Home Eat & Drink Dedicated Coconut – Sam Gowing

Dedicated Coconut – Sam Gowing

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The Grinning Face

Back in the old days this tropical fruit was known as cocoanut, a term derived from16th century Portuguese and Spanish cocos, meaning, “grinning face” – because of the three small holes on its coconut shell.

Approximately one third of the world’s population depends on the humble coconut with one billion coconut palms blowing throughout the tropics, which in turn produce over 50 billion coconuts per annum – mostly for consumption as detailed below – but also dried as copra – a valued trade commodity used in the production of soap and also for lighting in the 19th century.

Here’s a look at the how and why of the life of a coconut, which refers to the entire coconut palm, the seed, or the fruit – but is not a botanical nut.

Coconut water. This is the clear to lightly cloudy sweet nectar of a young coconut. Do not waste your time or money with the commercial processed junk food on the market. DIY with a cleaver or a screwdriver and a hammer. The water is highly refreshing and rehydrating and maybe processed to make alcohol.

Coconut meat. This is the meat (endosperm) or flesh of the young coconut is softer and more gelatinous than that in a mature coconut and you can scrape out with a spoon to eat straight away or process with the water and a probiotic to make coconut yoghurt  (recipe below).

Coconut milk is made from the flesh of fresh coconuts with coconut water, then straining it to remove some of the fat. According to my dear friend Bali Janet of the famed Casa Luna Restaurant and Cooking School, is far superior to the supermarket variety, which of course can be used if you have no time to make the real thing. The Balinese only use coconut milk and never the ‘cream’.

Coconut cream has a thicker consistency, more like a paste and is made with a higher ratio of coconut to water. It is typically used to thicken and flavour Thai red and green curries. You will notice the cream when you open a can of coconut milk as it separates leaving a thick yogurt-like substance on top – cream – and a thinner liquid remaining below – milk. Obviously, the coconut cream has more fat and this is why some rich Thai recipes call for it as it helps to release the fats in order to fry off the aromatic curry pastes so they provide a richer more luxurious flavour.

Shredded or desiccated coconut. Not to be confused with desecrated as I read in one recipe recently! This is the made from shredded dried coconut. Desiccated means to remove the moisture from it thus preserving it.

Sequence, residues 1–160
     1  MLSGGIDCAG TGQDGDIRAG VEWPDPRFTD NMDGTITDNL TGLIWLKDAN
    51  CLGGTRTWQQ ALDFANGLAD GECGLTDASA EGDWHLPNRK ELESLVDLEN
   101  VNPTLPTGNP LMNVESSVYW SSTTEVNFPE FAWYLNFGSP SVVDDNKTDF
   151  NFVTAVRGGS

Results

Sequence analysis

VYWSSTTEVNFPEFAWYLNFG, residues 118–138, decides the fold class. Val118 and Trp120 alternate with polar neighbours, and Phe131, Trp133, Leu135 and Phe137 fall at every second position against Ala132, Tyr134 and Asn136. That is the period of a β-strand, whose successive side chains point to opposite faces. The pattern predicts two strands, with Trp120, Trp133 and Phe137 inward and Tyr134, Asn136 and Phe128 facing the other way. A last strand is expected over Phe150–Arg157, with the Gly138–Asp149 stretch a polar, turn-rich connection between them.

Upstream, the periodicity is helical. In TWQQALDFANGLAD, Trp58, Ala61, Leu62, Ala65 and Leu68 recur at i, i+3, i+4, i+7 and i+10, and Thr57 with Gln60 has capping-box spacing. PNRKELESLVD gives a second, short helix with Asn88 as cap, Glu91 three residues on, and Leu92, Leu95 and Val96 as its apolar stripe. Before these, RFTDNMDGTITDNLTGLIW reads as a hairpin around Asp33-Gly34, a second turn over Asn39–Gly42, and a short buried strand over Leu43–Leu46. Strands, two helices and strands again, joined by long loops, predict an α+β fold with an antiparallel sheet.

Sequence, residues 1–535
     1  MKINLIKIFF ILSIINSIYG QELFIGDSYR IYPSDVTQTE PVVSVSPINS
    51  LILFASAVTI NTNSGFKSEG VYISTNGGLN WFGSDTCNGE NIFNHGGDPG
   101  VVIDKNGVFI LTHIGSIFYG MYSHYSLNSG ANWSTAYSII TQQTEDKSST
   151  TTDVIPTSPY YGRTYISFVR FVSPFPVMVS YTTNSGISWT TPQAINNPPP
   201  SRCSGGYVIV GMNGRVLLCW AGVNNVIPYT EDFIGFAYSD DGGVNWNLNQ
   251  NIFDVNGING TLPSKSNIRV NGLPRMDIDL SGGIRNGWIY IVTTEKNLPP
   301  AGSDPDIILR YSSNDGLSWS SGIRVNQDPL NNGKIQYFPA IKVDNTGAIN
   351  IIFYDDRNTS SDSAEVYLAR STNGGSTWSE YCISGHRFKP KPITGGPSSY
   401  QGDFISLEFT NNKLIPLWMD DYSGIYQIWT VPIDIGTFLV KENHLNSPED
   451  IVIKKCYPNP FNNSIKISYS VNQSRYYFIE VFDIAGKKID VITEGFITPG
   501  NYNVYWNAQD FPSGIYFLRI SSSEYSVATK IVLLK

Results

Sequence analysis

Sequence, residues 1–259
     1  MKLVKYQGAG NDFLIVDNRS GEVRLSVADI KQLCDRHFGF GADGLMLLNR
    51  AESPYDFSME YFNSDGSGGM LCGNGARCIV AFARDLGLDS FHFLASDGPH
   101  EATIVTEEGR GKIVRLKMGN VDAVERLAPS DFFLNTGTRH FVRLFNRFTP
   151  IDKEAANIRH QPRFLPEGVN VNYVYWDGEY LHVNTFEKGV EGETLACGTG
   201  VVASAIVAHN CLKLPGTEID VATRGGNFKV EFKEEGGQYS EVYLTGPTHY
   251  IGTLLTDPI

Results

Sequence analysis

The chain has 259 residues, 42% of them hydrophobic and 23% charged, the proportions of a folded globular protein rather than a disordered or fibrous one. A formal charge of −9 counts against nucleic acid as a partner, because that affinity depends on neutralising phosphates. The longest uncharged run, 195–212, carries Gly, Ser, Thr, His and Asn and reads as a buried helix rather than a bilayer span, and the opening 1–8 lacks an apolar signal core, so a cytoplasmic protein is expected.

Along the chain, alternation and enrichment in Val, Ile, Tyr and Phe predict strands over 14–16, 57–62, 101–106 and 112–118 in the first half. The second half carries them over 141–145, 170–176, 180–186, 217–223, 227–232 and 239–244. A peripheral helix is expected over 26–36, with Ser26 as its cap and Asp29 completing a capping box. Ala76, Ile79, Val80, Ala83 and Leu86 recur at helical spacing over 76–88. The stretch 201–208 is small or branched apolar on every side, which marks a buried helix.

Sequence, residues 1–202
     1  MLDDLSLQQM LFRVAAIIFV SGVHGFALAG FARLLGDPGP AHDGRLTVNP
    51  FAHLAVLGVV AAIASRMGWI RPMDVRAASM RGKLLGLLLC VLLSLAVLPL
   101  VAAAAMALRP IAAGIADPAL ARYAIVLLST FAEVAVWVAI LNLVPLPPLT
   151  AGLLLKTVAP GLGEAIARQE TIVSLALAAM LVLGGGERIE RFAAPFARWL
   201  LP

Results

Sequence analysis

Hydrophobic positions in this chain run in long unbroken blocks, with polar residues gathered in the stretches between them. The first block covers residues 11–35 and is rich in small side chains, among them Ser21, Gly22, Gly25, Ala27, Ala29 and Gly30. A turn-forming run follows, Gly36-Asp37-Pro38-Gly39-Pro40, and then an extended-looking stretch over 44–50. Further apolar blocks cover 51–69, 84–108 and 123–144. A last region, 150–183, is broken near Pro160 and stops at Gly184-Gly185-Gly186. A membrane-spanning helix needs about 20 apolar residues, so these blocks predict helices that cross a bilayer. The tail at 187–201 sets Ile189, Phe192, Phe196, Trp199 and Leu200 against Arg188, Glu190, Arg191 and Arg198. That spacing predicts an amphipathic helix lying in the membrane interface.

Coconut oil is extracted from the kernel or meat of matured coconuts harvested from the coconut palm. Ensure you buy certified organic coconut oil as conventional products may have added solvents such as hexane, which is used to extract cooking oils from seeds.

Prior to World War II Asian military occupation of the Philippines and other South Pacific islands resulted on the once-plentiful supply of coconut oil was effectively cut off from the United States. As the post war industrial revolution kicked in, manufacturers began to develop alternative sources of cooking oils – hence the “You ought to be congratulated” phase of mono and polyunsaturated fat boom gave rise to a very profitable promotion of vegetable oils.

To quote Dr. Mercola, a leading , albeit outspoken , expert on all things healthy “By the end of the 1950′s, public opinion had turned totally against saturated fats like butter (and coconut oil). Saturated fats were blamed for raising cholesterol, and cholesterol was now viewed as the evil enemy, the culprit responsible for the steep rise in heart disease.

We said bye-bye to butter, eggs and coconut oil and hello to allegedly ‘heart healthy’ vegetable fats and the dreaded and deadly processed soy bean boom, determined to see the sinking of tropical oils harvested in poorer countries who may not have been able to defend their livelihood. See also You can’t milk a soy bean.

The Tree of Life
In 2004 the Coconut Research Centre declared the medium chain fatty acids (MCFA) that are found in coconut to “help to lower the risk of both atherosclerosis and heart disease. It is primarily due to the MCFA in coconut oil that makes it so special and so beneficial.” (Source: Coconut Research Centre.)

In addition, these medium chin fatty acids a.k.a. Medium Chain Triglycerides (MCTs) stimulate thermogenesis. Thermogenesis the process where your body produces heat by increased burning of fat – this is a good thing for people who are trying to lose body fat.

According to the American Journal of Clinical Nutrition, (Vol. 87, No. 3, 621-626, March 2008), “Clinical studies have shown that consumption of MCTs leads to greater energy expenditure than does consumption of long-chain triacylglycerols. Such studies suggest that MCT consumption may be useful for weight management.”